U.S. Fish & Wildlife Service
Forensics Laboratory

Forensics Lab Home
Science Professionals
Agents and Insectors
Students and Educators
Publications and ID Notes
The Feather Atlas
Lab Tour
Lab News
About Us
Contact Us
Site Map

Indian Peafowl Feathers. Credit: USFWS

Students and Educators

LIBRARY OF MYSTERY PHOTOS

Macaw feathers

Common Name: Scarlet Macaw
Scientific Name: Ara macao
Protected Status: CITES – App. I
Laboratory Section: Morphology
What’s the Story?  These yellow and orange feathers, found on the upperwings, are distinctive for the Scarlet Macaw, and allow it to be distinguished from the similar Red-and-green Macaw.

Macaw feathers
Credit: USFWS.

Shahtoosh Shawls

Common Name: Hair of Tibetan Antelope
Scientific Name: Pantholops hodgsonii
Protected Status: U.S. ESA – Endangered; CITES – App.I
Laboratory Section: Morphology
What’s the Story?  The fabric of the shawls is made from the wool of the Tibetan Antelope and is called shahtoosh.  It is estimated that three to five antelope die to obtain enough wool for a single shawl, and the adult animals always die when captured.

Shahtoosh Shawls
Credit: USFWS.

Cloud of Particulates formed at Firearm Discharge

Laboratory Section: Criminalistics
What’s the Story? Evaluation of firearms particulate discharge for determining the distance a weapon was fired.

Cloud of Particulates formed at  Firearm Discharge
Credit: USFWS.

Fingerprint under Alternate Light Source

Item: Friction ridge developed with superglue and florescence dye stain visualized with alternate light source
Laboratory Section: Criminalistics
What’s the Story? Impression developed from the side of shot gun shell found at crime scene in a National Park.

Fingerprint under Alternate Light  Source
Credit: USFWS.

Killer Whale Teeth

Common Name:  Orca or Killer Whale
Scientific Name: Orcinus orca
Protected Status: Marine Mammal Act; CITES – App.II
Laboratory Section: Morphology
What’s the Story?  Just like the teeth of sperm whale, orca teeth come in different sizes and shapes from a single individual. The large-size orca teeth are flattened on the sides and have enamel on the crown, not found on sperm whale teeth.

Killer Whale Teeth
Credit: USFWS.

Black Bear Claws

Common Name:  North American Black Bear
Scientific Name:  Ursus americanus
Protected Status:  U.S. ESA – Threatened as U. americanus luteolus; all other subspecies are covered by Similarity of Appearance to a Threatened Species;  CITES – App.II
Laboratory Section: Morphology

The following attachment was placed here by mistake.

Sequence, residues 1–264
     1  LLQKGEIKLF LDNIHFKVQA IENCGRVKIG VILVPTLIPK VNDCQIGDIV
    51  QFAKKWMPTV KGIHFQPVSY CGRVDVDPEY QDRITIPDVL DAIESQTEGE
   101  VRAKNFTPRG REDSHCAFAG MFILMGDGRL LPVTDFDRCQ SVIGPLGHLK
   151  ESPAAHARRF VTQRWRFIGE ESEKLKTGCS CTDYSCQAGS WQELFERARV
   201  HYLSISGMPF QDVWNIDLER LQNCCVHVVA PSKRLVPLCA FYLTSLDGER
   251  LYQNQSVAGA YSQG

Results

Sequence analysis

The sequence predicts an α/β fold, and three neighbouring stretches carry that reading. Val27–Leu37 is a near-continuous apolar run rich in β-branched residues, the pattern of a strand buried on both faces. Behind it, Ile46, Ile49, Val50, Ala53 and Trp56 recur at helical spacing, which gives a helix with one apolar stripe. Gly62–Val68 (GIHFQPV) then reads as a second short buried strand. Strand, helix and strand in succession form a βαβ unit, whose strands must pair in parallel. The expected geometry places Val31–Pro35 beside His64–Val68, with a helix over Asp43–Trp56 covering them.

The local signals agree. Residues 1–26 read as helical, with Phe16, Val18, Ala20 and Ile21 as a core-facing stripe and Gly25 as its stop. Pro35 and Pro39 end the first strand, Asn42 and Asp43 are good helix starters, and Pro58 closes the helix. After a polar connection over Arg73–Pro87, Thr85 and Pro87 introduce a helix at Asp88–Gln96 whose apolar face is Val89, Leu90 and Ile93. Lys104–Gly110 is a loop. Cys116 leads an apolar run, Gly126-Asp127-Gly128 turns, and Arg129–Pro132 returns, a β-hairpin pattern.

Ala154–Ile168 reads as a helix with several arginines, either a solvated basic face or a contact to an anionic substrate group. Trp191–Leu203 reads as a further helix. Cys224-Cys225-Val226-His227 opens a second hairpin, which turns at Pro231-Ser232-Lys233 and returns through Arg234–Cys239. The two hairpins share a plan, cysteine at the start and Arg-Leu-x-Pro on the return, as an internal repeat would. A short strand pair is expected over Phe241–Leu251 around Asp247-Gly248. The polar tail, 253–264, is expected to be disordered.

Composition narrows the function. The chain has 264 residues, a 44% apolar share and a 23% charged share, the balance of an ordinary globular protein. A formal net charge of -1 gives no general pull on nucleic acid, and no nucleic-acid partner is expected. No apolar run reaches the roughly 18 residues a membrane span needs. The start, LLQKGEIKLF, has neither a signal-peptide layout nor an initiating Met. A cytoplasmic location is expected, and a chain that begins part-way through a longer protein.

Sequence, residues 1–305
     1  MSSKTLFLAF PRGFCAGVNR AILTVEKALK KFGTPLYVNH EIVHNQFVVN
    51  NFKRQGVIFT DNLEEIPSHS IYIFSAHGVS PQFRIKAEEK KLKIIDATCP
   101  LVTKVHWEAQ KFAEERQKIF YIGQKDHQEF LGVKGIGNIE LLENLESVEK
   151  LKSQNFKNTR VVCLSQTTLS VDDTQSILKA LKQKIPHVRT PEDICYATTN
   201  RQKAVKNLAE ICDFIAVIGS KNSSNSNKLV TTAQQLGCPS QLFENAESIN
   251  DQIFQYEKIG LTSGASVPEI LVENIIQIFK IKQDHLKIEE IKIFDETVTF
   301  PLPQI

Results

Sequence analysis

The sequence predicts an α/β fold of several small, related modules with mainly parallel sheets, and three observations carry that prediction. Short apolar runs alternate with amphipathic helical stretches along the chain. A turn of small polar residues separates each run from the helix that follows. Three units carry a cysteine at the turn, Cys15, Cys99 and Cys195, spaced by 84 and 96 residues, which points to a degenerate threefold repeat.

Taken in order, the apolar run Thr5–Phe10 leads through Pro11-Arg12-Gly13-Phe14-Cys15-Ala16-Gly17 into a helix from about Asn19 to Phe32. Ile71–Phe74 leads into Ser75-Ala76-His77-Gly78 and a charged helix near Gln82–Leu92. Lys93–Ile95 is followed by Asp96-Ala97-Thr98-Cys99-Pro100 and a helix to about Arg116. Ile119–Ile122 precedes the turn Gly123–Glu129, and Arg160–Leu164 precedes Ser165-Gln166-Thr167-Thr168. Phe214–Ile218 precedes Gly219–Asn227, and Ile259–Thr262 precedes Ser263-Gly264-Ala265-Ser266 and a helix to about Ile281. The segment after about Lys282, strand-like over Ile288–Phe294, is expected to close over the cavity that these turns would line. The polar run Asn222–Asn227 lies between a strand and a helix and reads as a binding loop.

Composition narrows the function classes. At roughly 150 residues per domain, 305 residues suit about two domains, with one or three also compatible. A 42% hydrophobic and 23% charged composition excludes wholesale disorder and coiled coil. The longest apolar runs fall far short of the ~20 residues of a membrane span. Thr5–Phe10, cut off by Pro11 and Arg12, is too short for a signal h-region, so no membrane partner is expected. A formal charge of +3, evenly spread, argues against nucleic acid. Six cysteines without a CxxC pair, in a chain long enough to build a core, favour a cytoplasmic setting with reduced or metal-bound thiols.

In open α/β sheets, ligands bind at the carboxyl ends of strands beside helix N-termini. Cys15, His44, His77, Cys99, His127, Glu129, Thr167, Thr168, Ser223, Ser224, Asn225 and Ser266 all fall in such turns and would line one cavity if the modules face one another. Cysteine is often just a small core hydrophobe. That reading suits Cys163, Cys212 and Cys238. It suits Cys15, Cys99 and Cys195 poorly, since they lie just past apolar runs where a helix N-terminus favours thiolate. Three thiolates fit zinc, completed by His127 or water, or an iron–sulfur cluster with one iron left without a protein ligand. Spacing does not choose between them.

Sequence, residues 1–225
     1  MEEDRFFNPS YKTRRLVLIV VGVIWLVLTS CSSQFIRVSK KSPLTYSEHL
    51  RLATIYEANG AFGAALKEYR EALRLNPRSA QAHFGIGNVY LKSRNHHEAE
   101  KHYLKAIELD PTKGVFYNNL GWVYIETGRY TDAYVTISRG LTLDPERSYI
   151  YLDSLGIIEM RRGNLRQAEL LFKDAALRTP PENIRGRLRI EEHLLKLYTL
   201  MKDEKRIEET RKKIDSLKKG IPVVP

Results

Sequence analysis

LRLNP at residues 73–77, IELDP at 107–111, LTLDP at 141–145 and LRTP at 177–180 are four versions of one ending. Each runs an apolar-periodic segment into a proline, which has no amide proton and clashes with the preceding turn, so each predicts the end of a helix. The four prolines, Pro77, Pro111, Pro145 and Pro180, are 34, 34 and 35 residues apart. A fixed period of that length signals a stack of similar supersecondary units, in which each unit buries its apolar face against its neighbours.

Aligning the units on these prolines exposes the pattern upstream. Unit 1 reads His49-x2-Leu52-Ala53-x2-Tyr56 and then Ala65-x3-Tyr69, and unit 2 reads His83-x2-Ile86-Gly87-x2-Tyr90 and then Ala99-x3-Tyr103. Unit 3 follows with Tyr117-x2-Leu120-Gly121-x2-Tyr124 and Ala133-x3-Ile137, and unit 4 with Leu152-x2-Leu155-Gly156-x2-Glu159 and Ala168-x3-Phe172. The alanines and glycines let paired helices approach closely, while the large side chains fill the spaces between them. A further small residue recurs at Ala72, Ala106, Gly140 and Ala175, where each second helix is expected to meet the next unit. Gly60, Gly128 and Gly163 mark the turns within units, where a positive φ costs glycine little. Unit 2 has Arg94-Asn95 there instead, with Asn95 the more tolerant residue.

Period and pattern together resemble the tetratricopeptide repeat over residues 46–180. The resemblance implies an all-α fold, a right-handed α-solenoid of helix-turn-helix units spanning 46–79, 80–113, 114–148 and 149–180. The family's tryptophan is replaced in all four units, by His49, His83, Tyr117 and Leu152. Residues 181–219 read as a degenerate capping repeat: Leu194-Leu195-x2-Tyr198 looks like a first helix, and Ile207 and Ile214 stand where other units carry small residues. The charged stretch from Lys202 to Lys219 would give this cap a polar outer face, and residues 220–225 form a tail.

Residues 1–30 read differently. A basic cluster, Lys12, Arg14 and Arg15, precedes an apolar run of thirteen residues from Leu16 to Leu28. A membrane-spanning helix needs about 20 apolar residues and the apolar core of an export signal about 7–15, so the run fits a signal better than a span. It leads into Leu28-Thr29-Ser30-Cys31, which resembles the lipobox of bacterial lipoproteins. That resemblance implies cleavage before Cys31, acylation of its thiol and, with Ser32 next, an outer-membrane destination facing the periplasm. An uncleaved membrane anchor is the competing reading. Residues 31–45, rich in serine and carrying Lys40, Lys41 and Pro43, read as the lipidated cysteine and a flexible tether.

What’s the Story?  Like other mammals, the claw is actually a sheath of keratin covering a bony projection supported by the articulating end where the bone connects to another bone and is held in place by tendons and ligaments.

Black Bear Claws
Credit: USFWS.

Margay Fur

Common Name:  Margay cat
Scientific Name:  Leopardus wiedii
Protected Status: U.S. ESA – Endangered; CITES – App.I
Laboratory Section: Morphology
What’s the Story? Just below the shoulder blades in this South American wild cat, the hair growth changes direction forming a whorl (light dot middle right); the presence and position of this whorl distinguishes the margay from other spotted cats used in the fur trade.

Margay Fur
Credit: USFWS.

Narwhal Tusk

Common Name: Narwhal
Scientific Name: Monodon monoceros
Protected Status: Marine Mammal Act; CITES – App.II
Laboratory Section: Morphology
What’s the Story? The Narwhal is a small whale of the Arctic. The males possess a single, remarkable, spiraling ivory tusk, which may be one source for the legend of the unicorn’s horn.

Narwhal Tusk
Credit: USFWS.

X-Ray Sternum

Laboratory Section: Pathology
What’s the Story? Coming soon...

 

X-Ray Sternum
Credit: USFWS.

Shahtoosh Shawl

Common Name: Hair of Tibetan Antelope
Scientific Name: Pantholops hodgsonii
Protected Status: U.S. ESA – Endangered; CITES – App.I
Laboratory Section: Morphology
What’s the Story? The hair of the Tibetan Antelope is so fine that a shawl of this fabric can be pulled through a man’s ring; thus, they are sometimes called “ring shawls.”

Shahtoosh Shawl
Credit: USFWS.

NOTICES:

  • These photos should not be used for identification purposes.  Detailed information to assist with selected species identification problems can be found at Publications and Identifications Guides.
  • For more information about Protected Status, view our U.S. Wildlife Laws page.
  • You may download these photos for educational purposes with credit to the U.S. Fish and Wildlife Service (USFWS), but cannot use them for commercial purposes or sell them.
  • Copyright © US Fish & Wildlife Service Forensics Laboratory.

BACK TO TOP

U.S. Department of Interior Logo